Tutorial: How to use Axon ADC/401

Video Tutorial: How to use Axon ADC/401
Video Tutorial: How to use Axon ADC/401
June 01, 2018

Tutorial: How to use Axon ADC/401

The AXN/ADC/401 is used to condition and digitize up to eight analog channels. Each channel can be individually configured for use with differential-ended inputs, single-ended inputs, AC coupled inputs, ICP sensor inputs, RTD sensor (2/4 or 3-wire configurations) inputs, thermocouple inputs, full-bridge inputs, half-bridge / potentiometer inputs.

Watch this in-depth video to learn about the module's features and how to configure it in DAS Studio.



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Stephen Willis

Stephen Willis

Product Marketing Manager

Stephen Willis is the aerospace test and measurement Product Marketing Manager at Curtiss-Wright Defense Solutions. He has a degree in Electrical Engineering, a Masters in Philosophy for research in mathematical models and their market application for risk assessment, and a PG Dip in marketing and management. His current research interests include data acquisition, recording, and control systems and their applications in enabling a cost-effective route to gather large amounts of data. In particular, applications of interest include flight test, crash-protected recording, and structural/usage monitoring programs. He is the author of several academic papers and magazine articles.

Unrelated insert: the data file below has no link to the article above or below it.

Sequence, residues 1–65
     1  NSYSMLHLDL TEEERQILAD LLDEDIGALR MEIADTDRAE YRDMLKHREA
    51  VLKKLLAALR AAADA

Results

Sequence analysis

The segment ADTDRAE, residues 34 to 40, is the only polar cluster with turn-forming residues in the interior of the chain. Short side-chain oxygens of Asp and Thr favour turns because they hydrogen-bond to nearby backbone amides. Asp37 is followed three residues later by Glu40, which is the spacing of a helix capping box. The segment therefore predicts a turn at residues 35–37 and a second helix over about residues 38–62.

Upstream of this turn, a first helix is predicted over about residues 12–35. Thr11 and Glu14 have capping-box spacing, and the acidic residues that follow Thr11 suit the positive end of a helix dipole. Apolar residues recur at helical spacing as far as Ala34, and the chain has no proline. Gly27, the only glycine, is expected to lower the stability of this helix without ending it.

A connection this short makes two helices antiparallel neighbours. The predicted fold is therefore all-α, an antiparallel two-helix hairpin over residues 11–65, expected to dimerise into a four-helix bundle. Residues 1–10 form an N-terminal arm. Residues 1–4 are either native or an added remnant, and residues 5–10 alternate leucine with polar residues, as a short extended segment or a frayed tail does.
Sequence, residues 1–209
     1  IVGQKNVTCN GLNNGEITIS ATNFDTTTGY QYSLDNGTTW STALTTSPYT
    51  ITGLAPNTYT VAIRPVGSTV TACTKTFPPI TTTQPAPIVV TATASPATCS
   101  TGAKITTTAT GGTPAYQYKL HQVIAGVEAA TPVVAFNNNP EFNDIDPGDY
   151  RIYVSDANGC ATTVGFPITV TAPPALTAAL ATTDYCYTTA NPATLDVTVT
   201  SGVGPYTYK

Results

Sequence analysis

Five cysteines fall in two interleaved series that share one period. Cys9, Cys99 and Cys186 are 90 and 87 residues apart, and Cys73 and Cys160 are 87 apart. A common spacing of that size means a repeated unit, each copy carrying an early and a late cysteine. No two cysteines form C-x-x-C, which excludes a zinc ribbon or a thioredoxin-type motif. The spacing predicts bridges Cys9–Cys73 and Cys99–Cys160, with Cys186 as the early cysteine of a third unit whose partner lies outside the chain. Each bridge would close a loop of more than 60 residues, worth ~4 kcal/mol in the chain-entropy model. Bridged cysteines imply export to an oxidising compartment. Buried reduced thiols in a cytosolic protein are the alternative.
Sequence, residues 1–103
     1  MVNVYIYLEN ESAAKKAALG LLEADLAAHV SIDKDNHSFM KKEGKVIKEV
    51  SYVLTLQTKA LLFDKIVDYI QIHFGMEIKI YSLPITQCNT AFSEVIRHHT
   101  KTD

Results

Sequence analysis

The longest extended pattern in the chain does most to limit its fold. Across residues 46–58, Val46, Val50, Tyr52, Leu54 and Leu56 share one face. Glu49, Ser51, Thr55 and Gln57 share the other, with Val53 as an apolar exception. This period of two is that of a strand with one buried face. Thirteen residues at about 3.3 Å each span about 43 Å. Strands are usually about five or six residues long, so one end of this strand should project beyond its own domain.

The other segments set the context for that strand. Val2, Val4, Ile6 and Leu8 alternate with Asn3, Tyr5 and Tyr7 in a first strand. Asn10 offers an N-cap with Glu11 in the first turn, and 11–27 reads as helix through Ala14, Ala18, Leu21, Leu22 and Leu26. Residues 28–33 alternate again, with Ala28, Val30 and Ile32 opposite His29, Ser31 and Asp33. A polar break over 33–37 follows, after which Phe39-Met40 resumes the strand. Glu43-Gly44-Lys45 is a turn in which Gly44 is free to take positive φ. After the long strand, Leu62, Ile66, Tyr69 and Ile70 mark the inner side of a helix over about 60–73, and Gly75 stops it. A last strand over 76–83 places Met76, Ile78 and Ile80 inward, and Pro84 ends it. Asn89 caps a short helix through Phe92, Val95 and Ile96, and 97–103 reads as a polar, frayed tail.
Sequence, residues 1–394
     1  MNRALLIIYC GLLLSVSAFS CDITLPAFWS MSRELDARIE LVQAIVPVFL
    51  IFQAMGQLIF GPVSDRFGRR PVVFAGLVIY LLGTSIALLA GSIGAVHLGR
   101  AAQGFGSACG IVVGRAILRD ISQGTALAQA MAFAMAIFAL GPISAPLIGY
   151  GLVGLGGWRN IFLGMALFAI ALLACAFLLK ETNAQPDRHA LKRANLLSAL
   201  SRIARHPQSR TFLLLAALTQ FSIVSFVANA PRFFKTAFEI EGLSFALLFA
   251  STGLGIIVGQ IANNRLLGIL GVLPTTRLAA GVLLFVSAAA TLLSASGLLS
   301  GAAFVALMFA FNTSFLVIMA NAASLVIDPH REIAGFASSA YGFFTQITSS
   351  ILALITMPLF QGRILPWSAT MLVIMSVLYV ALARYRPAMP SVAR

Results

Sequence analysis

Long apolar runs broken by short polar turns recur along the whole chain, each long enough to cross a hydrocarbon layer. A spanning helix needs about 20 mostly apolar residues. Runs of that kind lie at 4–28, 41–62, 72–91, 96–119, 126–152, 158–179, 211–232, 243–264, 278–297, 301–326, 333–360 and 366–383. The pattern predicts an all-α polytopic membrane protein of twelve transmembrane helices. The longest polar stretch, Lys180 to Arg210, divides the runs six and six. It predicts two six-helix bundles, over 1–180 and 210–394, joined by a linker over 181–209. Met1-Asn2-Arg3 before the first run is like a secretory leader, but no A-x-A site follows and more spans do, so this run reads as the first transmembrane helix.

Video Transcript

This is an overview of the AXN/ADC/401 – it’s an 8 channel flexible analog module. Each channel can be configured for use in differential-ended or single-ended voltage measurement, AC coupled single-ended voltage, ICP sensor, RTD sensor (2/4 or 3-wire configurations), thermocouple, full-bridge, half-bridge, or potentiometer mode.

When you’re running in differential ended or single-ended voltage measurement, AC coupled single-ended voltage, RTD sensor (2/4 or 3-wire configurations), thermocouple, full-bridge or half-bridge inputs, you use the inputs between 19 to 34 and when you’re using ac coupled or ICP, you use the ICP inputs. Each channel has its own excitation and ground reference.